Mary Brannan
Is goth life the route to a good life for our young people?
5 mins

On a long, meandering weekend walk, it’s always a delight to cross paths with a friendly-faced dog. Or witness a tender moment between an old couple seemingly still as in love as the day they first met. But the vision that gives me the most incredible glow in my heart is that of a ragtag gathering of awkward goth teens - for the purposes of this article moving forward, I will refer to any gathering of these teens as a ‘gaggle' of goths. 

This ‘gaggle’ inevitably gives off the pungent air of passive standoffish-ness only goth teens can produce. It would be best if you didn’t go near them. Not for fear of attack or reprisal. Instead, you will never break through the impenetrable wall of "you don’t understand us" energy that hangs heavy in the air like ominous black clouds, even on the sunniest of days. 

Before I continue, I want to put in a disclaimer. I use the word ‘goth’ as the broadest of broad brushstrokes to cover an almost incomprehensible number of nuanced literary, aesthetic, art and musical subcultures that could be considered ‘goth’ by the sprawling masses of the uninitiated. From the classic horror aesthetic of Mary Shelley and Bram Stoker's gothic monsters, the pseudo intellectual  ‘I love Robert Smith, big hair and eyeliner’ indie goths of the 80s, to the "cut my life into pieces" nu-metallers and jet black cyclops emo kids of the late 90s and early 00s. Each could be described as ‘goth’ based solely on the black dress and make-up styles alone. But it's the extra layer of self-proclaimed and seemingly self-inflicted misery that takes any teen to top-tier goth.  

So, should friends and family be worried about our young people, exploring the 'dark side' and forming friendships with the aforementioned 'gaggle'? In the words of Neil Hannon of the band ‘The Divine Comedy’ many a parent has thought, 


“That music you play, I'm not saying it's bad, it just seems terribly sad.

Is everything all right?

I'd like to think you'd tell me if something was wrong."

Psychology and music therapy practices tell us that as young people begin to grapple new life experiences, feeling part of a friendship group that engages with literature, art and music considered sad, angry or depressing can help them explore and express those emotions more easily, in a safe and seemingly less judgemental environment. Much like when we listen to a 'break-up' song on loop for a week or cry when watching a sad movie, these 'dark' behaviours don't necessarily make us feel happy. However, they do allow young people to release emotions, plus learn to regulate and more quickly bounce back from the inevitable rollercoaster of ups and downs life will bring.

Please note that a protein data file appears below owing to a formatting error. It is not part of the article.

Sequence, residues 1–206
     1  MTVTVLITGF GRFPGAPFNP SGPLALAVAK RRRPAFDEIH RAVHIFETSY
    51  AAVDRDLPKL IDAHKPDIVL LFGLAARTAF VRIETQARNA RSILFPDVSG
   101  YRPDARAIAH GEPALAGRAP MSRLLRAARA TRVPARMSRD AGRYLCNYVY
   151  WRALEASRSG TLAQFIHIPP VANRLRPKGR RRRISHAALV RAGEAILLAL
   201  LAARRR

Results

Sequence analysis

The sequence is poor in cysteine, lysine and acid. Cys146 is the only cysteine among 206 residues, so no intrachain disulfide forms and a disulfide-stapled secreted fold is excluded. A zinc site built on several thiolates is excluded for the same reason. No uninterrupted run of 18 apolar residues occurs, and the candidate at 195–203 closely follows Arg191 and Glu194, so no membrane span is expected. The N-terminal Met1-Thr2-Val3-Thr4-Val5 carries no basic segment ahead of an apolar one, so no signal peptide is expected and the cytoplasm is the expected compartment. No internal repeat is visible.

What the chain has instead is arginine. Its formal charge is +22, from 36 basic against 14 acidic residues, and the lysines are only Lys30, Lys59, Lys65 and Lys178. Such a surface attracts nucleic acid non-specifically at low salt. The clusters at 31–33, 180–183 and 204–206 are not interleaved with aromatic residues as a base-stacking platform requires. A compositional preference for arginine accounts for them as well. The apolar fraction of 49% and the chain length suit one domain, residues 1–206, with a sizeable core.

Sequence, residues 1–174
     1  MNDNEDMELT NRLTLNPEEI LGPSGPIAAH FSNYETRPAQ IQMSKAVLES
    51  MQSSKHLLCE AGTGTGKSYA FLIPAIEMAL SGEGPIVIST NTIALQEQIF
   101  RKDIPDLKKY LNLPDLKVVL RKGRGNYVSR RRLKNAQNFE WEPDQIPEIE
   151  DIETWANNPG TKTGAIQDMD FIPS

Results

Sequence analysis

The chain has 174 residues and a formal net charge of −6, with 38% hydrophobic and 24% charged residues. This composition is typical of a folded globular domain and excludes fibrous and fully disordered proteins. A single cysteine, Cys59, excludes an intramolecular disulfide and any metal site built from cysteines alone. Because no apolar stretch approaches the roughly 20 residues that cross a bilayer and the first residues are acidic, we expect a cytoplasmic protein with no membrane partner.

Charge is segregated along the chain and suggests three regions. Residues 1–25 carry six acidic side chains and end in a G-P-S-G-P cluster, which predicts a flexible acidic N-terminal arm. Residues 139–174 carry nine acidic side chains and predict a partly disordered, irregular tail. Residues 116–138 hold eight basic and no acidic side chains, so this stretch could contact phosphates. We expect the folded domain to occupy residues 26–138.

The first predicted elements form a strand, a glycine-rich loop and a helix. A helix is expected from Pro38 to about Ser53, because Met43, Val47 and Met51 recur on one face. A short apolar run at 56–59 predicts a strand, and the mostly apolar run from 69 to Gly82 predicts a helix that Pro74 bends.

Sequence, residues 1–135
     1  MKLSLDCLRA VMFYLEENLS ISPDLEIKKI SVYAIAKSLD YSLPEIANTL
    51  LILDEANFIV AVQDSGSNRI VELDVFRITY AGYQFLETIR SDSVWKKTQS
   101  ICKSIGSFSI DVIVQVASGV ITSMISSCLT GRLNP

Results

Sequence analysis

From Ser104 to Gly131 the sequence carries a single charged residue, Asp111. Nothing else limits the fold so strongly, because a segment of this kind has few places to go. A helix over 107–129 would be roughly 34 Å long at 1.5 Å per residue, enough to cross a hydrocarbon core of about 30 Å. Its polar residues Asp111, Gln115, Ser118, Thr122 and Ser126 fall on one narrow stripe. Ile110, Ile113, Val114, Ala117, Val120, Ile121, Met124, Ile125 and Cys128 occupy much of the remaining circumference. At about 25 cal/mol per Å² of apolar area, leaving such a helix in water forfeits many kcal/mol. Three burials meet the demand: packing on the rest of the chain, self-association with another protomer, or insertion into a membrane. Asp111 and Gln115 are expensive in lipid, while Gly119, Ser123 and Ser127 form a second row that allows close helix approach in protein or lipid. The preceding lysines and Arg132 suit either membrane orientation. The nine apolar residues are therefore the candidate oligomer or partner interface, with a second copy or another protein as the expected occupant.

The more recent ‘dark academia’ and ‘e-boy/girl’ trends show the evergreen appeal and evolution of the gothic aesthetic. In parallel, young people are discovering and reimagining TV shows and movies with strong goth overtones such as Buffy the Vampire Slayer, The Craft and Heathers on platforms like TikTok, Instagram and YouTube. Even the teenage vampire franchise Twilight is having a cult renaissance with the kids who were in nappies when the films initially came out in the late 00s. 

So while the regimental dress code and outburst of "you just don't understand!" across the dinner table can seem unnecessary and overly theatrical to many parents, these behaviours allow young people to practice and refine the behaviours that will set them up for a more balanced adult life. 

The extreme opposite to the goth life ethos would constantly be projecting perfect positivity. Always happy, always thriving, always looking and feeling great. In recent years this behaviour has become commonly known as 'Toxic Positivity' or 'Tragic Optimism’. We are only just starting to truly understand how this notion of always 'living my best life', so commonly portrayed in shows like Love Island and on social platforms, is possibly far more harmful to young people than the seeming doom and gloom of being a goth. 

So, if you see the young person in your life is starting to take on a more limited colour palette in their wardrobe choices - or, the music coming from their room starts to have a more sombre or shouty-shouty tone - embrace it. Support it. Maybe even encourage it. Because, to return to the wisdom of Neil Hannon, you may find that actually, they are a very happy goth.

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